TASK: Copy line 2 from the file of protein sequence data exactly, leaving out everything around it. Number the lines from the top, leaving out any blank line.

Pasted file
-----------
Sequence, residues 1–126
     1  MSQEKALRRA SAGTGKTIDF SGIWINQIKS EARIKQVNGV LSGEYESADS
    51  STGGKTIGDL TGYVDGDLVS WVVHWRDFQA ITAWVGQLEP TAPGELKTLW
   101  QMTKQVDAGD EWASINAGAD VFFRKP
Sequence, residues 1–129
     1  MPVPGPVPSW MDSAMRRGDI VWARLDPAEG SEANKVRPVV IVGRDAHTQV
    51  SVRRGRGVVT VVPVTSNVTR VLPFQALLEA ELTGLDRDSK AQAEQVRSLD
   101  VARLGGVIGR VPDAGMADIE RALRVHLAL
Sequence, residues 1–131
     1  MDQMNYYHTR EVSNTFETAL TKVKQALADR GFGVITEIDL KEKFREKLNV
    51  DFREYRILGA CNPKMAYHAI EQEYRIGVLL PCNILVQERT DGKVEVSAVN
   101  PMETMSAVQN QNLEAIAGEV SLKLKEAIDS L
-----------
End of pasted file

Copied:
     1  MSQEKALRRA SAGTGKTIDF SGIWINQIKS EARIKQVNGV LSGEYESADS